Grilo ML, Amaro G, Chambel L, Marques CS, Marques TA, Gil F, Sousa-Santos C, Robalo JI, Oliveira M.

Ex situ breeding programs are important conservation tools for endangered freshwater fish. However, developing husbandry techniques that decrease the likelihood of disease, antimicrobial resistance, and virulence determinants acquisition during this process is challenging. In this pilot study, we conducted a captivity experiment with Portuguese nase (Iberochondrostoma lusitanicum), a critically endangered leuciscid species, to investigate the influence of simple protective measures (i.e., material disinfection protocols and animal handling with gloves) on the dynamics of a potential pathogenic genus, Aeromonas, as well as its virulence profiles and antimicrobial resistance signatures. Our findings show that antimicrobial resistance in Aeromonas spp. collected from I. lusitanicum significantly increased during the extent of the assay (5 weeks), with all isolates collected at the end of the study classified as multidrug-resistant. Additionally, humans handling fishes without protective measures were colonized by Aeromonas spp. The use of protective measures suggested a decreasing trend in Aeromonas spp. prevalence in I. lusitanicum, while bacterial isolates displayed significantly lower virulence index values when virulence phenotypical expression was tested at 22 °C. Despite this study representing an initial trial, which needs support from further research, protective measures tested are considered a simple tool to be applied in ex situ breeding programs for aquatic animals worldwide. Furthermore, current results raise concern regarding antimicrobial resistance amplification and zoonotic transmission of Aeromonas spp. in aquatic ex situ programs.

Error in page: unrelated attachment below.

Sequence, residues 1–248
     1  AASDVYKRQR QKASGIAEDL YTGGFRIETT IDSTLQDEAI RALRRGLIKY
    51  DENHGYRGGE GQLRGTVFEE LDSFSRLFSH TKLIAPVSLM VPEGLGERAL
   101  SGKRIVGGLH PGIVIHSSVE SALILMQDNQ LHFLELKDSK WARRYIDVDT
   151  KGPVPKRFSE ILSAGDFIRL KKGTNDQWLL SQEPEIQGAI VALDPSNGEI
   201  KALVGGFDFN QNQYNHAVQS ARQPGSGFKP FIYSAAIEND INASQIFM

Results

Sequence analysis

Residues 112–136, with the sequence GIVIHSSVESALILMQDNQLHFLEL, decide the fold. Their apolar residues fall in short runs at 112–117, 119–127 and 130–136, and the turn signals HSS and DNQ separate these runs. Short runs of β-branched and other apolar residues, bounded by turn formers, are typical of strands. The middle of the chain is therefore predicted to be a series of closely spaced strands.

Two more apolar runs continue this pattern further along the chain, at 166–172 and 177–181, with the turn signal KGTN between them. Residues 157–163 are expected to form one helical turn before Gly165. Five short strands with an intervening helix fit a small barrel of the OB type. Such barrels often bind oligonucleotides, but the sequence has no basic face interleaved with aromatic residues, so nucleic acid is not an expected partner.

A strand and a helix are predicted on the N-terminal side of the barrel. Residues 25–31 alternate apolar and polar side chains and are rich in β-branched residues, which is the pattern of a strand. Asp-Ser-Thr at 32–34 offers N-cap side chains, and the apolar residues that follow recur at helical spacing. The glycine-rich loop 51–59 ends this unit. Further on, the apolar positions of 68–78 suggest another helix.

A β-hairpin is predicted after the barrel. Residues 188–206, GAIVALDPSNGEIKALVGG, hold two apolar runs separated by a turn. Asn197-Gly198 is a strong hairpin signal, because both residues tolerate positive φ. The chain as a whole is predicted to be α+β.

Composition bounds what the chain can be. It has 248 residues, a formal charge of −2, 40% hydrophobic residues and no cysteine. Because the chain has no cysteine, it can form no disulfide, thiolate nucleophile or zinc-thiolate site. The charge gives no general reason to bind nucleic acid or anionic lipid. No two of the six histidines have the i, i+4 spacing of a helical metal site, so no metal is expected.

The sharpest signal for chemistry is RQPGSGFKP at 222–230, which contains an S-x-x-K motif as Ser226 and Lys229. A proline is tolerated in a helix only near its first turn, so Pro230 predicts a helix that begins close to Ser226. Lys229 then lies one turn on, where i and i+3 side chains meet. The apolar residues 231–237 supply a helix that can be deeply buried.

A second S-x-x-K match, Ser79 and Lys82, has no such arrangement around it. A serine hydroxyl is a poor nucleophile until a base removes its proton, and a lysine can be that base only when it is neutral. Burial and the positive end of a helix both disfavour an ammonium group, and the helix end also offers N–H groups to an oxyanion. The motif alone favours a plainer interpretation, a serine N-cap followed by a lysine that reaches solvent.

Doi: 10.3390/ani12040436

Grilo ML, Amaro G, Chambel L, Marques CS, Marques TA, Gil F, Sousa-Santos C, Robalo JI, Oliveira M (2022) Aeromonas spp. Prevalence, Virulence, and Antimicrobial Resistance in an Ex Situ Program for Threatened Freshwater Fish—A Pilot Study with Protective Measures. Animals, 12(4), 436. doi: 10.3390/ani12040436